- 21 months' jail for maid abuse in Singapore
- Minister signals impending changes
- Soh escapes the gallows
A WOMAN, who was convicted of five charges of abusing her Indonesian maid in one of the "most distressing" domestic maid abuse cases in Singapore, was sentenced to 21 months' jail.
Chan Huey Fern, 32, is appealing against conviction and sentence.
Bail of S$20,000 (RM51,337) pending appeal was offered.
The mother of two, who has seven other similar charges pending, was found guilty last week by district judge Low Wee Ping for causing hurt to Juwarti, 25, at her Buangkok Link flat between mid-December and Dec 31, 2010.
She was convicted of punching the maid in the eye, kicking her body and private parts several times.
The court heard that she lashed out at the maid on Dec 31 that year when she found her son's blanket on the floor in the children's room.
After kicking her repeatedly, she called the maid to the kitchen where she kicked her again on the body and private parts several times, causing her to bleed.
The maid ran away the same day as she was afraid of being tortured further by Chan.
The judge found her injuries, including bruises in her eyes and groin area appalling.
Judge Low, in his brief grounds of decision said that Chan became the maid's tormentor during her second year of work.
For nine months, she repeatedly abused Juwarti, both mentally and physically.
"Your abuses were systematic. What you have done to a helpless domestic helper, is repugnant to all notions of common humanity," he added.
Deputy Public Prosecutor Jason Chua had cited several aggravating factors in the case, particularly the serious injuries inflicted on the victim's private parts and Chan's abuse of her position.
The fact that Chan denied that she had committed any of the offences showed a clear lack of remorse on her part, and she was not repentant for what she had done, he said. — The Straits Times / Asia News Network
EDUCATION minister Heng Swee Keat signalled impending policy changes on several fronts including housing, as he sketched out how the government intends to ensure that growth becomes even more inclusive.
Underpinning the way forward, however, must be the "critical ingredient" of trust between the government and citizens, he said in a speech at an Economic Society of Singapore function.
Speaking ahead of the Prime Minister's National Day Rally speech on Aug 18 – widely expected to contain policy shifts informed by the Our Singapore Conversation (OSC) exercise which Heng heads – he sketched out elements of a "fairer and more just society".
These include giving lower-income Singaporeans substantial benefits to own a home, something that would be a "tangible way to share the fruits of success".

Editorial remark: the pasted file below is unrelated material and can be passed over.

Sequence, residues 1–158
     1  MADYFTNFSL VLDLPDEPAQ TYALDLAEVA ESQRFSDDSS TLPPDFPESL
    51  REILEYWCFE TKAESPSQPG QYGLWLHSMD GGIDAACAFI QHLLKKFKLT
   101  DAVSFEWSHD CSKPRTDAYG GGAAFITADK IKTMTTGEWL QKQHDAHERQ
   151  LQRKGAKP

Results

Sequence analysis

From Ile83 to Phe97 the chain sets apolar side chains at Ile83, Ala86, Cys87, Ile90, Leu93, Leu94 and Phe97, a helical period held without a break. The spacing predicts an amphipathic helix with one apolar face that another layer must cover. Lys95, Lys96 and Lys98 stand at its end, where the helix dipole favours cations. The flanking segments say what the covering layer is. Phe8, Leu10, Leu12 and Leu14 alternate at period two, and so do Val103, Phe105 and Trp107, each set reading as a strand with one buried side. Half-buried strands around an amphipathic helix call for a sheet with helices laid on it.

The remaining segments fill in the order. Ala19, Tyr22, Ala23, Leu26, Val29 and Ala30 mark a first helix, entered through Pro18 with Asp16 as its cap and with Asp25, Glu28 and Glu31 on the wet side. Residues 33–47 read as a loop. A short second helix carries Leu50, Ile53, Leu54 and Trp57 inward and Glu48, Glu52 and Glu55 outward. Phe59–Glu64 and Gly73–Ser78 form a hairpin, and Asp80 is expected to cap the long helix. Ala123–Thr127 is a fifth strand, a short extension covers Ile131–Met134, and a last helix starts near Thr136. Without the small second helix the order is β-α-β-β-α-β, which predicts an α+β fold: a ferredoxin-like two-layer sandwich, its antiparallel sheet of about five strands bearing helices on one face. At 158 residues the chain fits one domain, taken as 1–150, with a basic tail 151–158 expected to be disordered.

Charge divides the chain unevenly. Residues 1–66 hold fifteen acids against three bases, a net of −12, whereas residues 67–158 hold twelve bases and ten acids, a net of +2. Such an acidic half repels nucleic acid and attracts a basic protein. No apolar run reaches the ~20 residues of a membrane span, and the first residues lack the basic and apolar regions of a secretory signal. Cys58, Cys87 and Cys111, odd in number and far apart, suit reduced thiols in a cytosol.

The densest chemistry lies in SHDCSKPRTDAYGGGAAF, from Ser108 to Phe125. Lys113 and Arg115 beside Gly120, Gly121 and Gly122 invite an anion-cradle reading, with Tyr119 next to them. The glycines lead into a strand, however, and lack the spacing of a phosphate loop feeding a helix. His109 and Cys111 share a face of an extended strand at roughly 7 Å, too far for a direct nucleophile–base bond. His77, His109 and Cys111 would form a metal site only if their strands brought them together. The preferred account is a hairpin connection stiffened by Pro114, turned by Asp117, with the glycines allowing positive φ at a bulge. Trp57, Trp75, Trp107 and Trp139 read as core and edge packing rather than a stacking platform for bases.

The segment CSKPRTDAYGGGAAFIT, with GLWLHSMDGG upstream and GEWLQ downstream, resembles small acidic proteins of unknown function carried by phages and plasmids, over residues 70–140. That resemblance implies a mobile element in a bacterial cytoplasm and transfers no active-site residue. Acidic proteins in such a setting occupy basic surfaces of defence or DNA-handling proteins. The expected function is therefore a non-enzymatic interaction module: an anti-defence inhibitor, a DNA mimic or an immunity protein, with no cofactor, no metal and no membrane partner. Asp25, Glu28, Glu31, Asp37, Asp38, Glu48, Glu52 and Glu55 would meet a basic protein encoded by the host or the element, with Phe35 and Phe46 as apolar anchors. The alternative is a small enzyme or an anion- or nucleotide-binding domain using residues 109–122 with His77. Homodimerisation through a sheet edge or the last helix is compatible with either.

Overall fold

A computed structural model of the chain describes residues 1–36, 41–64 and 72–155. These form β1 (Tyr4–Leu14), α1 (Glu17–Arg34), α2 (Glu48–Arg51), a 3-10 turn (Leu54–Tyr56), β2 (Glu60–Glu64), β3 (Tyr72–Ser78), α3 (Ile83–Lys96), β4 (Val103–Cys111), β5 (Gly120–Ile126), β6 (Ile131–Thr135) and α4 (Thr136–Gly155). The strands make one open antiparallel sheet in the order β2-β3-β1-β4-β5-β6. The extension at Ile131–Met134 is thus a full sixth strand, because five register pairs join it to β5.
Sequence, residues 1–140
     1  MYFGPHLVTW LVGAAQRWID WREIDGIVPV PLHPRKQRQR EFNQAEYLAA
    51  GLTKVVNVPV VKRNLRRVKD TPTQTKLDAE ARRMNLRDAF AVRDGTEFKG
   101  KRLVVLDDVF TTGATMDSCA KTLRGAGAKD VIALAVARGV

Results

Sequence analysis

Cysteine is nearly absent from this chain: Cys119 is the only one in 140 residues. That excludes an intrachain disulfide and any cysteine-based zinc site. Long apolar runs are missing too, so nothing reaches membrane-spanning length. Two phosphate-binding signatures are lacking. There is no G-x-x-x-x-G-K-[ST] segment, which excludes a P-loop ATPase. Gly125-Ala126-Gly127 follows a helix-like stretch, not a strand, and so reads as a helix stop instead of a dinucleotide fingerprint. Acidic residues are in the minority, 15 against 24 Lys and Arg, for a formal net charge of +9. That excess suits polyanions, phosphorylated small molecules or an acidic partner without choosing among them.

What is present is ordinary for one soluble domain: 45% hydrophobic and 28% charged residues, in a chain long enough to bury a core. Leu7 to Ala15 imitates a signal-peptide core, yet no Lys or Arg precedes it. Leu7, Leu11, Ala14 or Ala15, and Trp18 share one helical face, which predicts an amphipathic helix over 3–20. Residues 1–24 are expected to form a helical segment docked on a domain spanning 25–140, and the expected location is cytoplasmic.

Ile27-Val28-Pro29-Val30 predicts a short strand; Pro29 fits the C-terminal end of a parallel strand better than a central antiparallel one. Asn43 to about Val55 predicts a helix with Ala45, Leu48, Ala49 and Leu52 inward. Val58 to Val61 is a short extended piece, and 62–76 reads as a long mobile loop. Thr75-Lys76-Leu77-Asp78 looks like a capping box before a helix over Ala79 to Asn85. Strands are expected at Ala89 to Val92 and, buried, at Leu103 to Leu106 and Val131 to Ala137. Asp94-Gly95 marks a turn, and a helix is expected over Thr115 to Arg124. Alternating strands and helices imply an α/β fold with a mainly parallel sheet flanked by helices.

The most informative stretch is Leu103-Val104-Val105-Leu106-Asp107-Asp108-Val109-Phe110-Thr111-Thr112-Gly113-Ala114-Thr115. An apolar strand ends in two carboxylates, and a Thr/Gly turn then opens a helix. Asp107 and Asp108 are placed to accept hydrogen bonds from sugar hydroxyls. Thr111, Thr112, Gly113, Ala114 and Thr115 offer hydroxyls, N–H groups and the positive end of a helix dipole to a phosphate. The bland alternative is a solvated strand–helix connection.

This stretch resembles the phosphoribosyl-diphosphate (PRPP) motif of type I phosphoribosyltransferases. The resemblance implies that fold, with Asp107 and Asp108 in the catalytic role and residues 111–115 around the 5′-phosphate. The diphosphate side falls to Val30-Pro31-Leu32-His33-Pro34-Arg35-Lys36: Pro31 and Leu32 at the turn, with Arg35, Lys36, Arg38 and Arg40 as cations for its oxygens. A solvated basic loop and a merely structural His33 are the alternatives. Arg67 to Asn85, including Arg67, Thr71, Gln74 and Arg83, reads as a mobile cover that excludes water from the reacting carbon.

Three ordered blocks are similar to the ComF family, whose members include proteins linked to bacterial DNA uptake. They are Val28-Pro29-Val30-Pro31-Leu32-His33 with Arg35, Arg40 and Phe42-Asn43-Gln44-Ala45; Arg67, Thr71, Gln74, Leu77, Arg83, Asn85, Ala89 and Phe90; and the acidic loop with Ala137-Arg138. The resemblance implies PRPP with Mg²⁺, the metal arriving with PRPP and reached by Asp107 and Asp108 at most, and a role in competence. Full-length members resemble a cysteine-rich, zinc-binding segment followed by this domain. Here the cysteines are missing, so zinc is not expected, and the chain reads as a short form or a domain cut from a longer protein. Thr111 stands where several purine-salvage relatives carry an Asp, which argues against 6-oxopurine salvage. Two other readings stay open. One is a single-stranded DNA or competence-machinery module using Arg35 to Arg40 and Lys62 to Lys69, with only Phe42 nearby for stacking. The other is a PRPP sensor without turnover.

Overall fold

There must also be targeted assistance for the needy and a progressive tax system to avoid excessive inequality, Heng said, noting that the government intends to build on the current progressive system where the wealthy pay the bulk of taxes.
Turning to education, he said that his ministry is "looking at various ways to let off some of the pressure that has built up (in the education system) over the years".
But he added that it would not swing to the other extreme, and that "it must still be part of the Singaporean psyche to want to pursue excellence".
In the 35-minute speech that preceded a question-and-answer session at the event held at Mandarin Orchard hotel, Heng also summed up the main aim for the OSC exercise, which will release its final report this week.
Heng, a former Monetary Authority of Singapore managing director, also touched on how the global financial crisis has shown that the government must play a multi-faceted role of "enabling, regulating and stabilising markets".
On a final note, he also emphasised that Singapore is a price-taker in a tumultuous world buffered only by its reserves. — The Straits Times / Asia News Network
A FULL-TIME national serviceman originally facing the death penalty for stabbing a mother of two to death during the Mid-Autumn Festival three years ago will escape the gallows.
The prosecution has indicated that it will reduce the murder charge against Soh Wee Kian, 23, to that of culpable homicide, which carries either life imprisonment and caning, or up to 20 years' jail and a fine or caning.
This emerged in the High Court yesterday, which was originally scheduled to be the first day of Soh's trial for murdering Hoe Hong Lin, 32, at Mandai Tekong Park in Woodlands Drive 50 on Sept 22, 2010. — The Straits Times / Asia News Network
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